Everything you need to know about Census 2021 in Norfolk
- Credit: Submitted
In nine weeks time a vital snapshot of the UK will be taken. Nick Richards spoke to the people in charge of making Census 2021 runs smoothly in Norfolk
Your 2021 calendar may look a little sparse on the events front, but there’s one big date in March that will be recorded in history. That’s because on March 21, data collected from millions of people in England and Wales will form Census 2021.
A census has been held every decade since 1801 except in 1941 because of the Second World War. A mini census was held in 1939 so that everyone could be issued with a National Identity Card.
The first thorough survey of England was in 1086 when William the Conqueror ordered a detailed list of land and property known as The Domesday Book.
But since then much has changed and this year there are new questions on the armed forces and gender identity and, for the first time, the onus is on getting people to fill it in online.
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Norfolk’s two census engagement managers are Kerry Skelding, who is responsible for Norwich, Broadland, South Norfolk and Great Yarmouth and Paul Walmsley, who is responsible for King’s Lynn and West Norfolk, North Norfolk and Breckland. Their roles are to engage with local authorities and organisations to identify where certain communities may need extra support to complete the census.
Both were involved in the 2011 census and have been in position since last September, helping to spread the message about the big survey that takes place every 10 years.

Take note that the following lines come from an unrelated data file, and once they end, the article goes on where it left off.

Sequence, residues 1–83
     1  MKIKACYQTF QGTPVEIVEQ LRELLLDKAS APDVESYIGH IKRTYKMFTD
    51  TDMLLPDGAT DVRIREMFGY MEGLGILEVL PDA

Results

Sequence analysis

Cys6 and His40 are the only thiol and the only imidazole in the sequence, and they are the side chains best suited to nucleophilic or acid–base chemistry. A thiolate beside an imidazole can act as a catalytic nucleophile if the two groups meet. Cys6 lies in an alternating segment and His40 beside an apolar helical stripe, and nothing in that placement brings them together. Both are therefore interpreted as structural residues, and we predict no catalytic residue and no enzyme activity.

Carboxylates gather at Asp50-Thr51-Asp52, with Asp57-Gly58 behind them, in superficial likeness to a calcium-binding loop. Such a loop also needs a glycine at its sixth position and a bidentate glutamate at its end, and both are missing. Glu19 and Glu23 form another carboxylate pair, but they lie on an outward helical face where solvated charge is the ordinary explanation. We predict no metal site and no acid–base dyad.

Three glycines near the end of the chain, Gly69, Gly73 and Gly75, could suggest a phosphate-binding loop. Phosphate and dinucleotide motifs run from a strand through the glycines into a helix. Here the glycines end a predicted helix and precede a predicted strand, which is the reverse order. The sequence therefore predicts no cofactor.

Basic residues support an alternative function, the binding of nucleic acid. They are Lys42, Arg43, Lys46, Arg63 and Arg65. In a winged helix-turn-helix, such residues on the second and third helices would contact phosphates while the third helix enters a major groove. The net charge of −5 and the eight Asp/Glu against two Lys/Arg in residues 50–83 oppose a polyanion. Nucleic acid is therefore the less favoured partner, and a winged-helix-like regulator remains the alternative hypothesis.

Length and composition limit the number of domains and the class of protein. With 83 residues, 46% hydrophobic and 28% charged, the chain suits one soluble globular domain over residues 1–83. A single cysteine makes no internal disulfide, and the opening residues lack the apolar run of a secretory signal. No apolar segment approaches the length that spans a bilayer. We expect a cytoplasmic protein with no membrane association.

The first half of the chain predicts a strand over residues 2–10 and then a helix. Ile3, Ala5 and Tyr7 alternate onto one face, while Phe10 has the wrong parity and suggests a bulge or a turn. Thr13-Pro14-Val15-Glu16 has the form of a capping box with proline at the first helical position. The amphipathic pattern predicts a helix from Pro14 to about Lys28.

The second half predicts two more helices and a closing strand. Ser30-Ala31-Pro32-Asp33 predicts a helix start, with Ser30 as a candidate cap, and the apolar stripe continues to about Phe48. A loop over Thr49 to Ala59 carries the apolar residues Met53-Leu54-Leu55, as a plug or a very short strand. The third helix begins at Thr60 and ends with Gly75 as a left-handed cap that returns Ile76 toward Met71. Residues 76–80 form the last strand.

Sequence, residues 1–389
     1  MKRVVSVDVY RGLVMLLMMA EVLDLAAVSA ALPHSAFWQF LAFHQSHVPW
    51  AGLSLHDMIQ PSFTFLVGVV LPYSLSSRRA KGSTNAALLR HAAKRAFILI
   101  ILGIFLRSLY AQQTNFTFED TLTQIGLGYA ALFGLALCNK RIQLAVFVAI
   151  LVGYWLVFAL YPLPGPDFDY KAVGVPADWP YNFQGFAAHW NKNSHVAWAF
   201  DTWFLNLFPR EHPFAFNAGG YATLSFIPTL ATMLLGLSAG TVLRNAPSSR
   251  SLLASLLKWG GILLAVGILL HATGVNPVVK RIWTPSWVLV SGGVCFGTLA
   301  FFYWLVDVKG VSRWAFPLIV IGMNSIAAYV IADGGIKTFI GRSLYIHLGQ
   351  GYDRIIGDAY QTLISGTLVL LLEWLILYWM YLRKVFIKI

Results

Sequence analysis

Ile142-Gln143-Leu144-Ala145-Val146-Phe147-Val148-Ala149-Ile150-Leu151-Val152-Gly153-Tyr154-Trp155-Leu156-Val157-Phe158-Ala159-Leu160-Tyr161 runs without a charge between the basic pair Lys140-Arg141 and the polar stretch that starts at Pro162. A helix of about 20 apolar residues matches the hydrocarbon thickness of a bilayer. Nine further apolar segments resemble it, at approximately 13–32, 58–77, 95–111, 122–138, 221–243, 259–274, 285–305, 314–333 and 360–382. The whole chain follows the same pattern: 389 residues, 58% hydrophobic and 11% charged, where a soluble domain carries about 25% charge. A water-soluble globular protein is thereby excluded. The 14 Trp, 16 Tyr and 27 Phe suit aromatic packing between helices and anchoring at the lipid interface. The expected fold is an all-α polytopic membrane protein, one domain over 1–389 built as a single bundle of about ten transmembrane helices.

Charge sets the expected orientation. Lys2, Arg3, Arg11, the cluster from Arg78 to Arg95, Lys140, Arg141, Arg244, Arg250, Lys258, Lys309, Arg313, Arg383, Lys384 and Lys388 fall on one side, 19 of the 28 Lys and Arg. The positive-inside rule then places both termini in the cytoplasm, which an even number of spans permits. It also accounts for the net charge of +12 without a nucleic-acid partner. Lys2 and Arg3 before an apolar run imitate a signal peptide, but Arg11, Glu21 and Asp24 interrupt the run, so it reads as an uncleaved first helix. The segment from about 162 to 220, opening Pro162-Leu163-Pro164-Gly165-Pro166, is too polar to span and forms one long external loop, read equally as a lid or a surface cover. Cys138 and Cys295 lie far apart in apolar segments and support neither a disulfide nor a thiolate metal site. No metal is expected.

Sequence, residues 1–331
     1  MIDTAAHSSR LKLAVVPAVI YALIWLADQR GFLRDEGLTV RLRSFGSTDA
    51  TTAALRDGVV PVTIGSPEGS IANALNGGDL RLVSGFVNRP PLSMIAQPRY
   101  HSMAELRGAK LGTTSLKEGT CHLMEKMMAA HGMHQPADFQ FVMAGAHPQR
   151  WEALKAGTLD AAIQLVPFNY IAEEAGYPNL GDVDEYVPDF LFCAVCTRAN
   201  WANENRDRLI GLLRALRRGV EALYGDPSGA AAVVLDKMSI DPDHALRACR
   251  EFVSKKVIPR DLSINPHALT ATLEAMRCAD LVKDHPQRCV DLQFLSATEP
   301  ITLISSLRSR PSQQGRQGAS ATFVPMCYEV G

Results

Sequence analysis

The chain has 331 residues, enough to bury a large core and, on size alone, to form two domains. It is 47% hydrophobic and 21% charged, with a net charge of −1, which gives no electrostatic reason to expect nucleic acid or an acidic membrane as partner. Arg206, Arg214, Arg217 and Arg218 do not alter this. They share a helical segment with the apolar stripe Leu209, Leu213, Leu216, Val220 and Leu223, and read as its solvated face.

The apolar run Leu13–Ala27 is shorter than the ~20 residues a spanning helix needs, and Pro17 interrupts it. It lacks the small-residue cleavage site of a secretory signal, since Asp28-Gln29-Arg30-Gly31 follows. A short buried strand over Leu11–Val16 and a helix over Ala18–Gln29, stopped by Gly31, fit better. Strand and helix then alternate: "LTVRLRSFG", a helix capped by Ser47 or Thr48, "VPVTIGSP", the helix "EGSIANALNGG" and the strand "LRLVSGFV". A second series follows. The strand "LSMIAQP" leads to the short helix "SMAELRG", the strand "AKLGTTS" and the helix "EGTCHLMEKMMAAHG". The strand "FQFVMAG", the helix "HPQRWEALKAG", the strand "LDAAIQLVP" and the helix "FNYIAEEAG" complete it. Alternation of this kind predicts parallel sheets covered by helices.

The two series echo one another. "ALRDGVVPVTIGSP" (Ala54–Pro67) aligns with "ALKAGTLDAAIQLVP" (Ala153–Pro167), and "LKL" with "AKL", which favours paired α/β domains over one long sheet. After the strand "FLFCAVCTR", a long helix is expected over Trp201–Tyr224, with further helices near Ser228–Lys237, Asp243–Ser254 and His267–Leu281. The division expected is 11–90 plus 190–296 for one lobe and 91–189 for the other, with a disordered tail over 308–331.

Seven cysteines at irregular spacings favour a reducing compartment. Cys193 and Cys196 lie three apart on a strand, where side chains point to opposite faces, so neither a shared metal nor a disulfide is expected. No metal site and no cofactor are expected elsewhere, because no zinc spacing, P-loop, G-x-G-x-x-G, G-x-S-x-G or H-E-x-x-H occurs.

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When is it?
Census Day is March 21. From the start of March until May 3 you will need to record the answers to the census questions with the information as it stands on March 21. It can be done before March 21 or after, until May 3. The form should take around 10 minutes to fill
Why is it so important?
Data is used to help not only local authorities but organisations like charities and not-for-profit organisations to help evidence funding bids and the need for support services.
Paul said: “How do we know who’s out there and what’s going on? Say the census data throws up that in a particular area there’s 300 two year old children, you’ll be pretty certain that you’d need some first school education in three years time.
“Our data from 2011 showed that north Norfolk has one of the largest elderly populations in England and Wales. There are other bits of info flying around, but to be able to take a whole snapshot is almost impossible without a census.
“For example, how many people have a car? Where do people live? Do we need new bus routes or doctor’s surgeries? Should we put a police station here or there?
“The census data goes everywhere. For example, I was talking to a chairman of a parish council recently and he said he was happy to help as he’d used census data from 2011 to put in a successful bid for playing fields and a football ground which he’d done in 2012 or 2013.”
Why isn’t Scotland taking part?
Scotland had a census rehearsal in October 2019, along with other countries in the UK. Scotland has decided to move their next census to March 2022 due to the unprecedented impact of Covid-19, and to try to maximise response rates.
How do I fill it in?
Kerry said: “Things have moved on in huge leaps and bounds since the last census. In 2011, 75% of people filled in their form on paper and 25% online, this time we are aiming for it to be the other way round.
“Around February 22 people will start to get information posted to their homes followed up by a pack. For the majority of people that pack will be a letter with a code on which will allow them to, from March 1, complete it on a computer, tablet or a mobile.
“If you get a code and you can’t fill it in online or don’t want to fill it in online, there will be a freephone telephone number where people can ask for a paper copy or for things that will support them if they need extra help – for example, people who are visually impaired or may require information to be translated.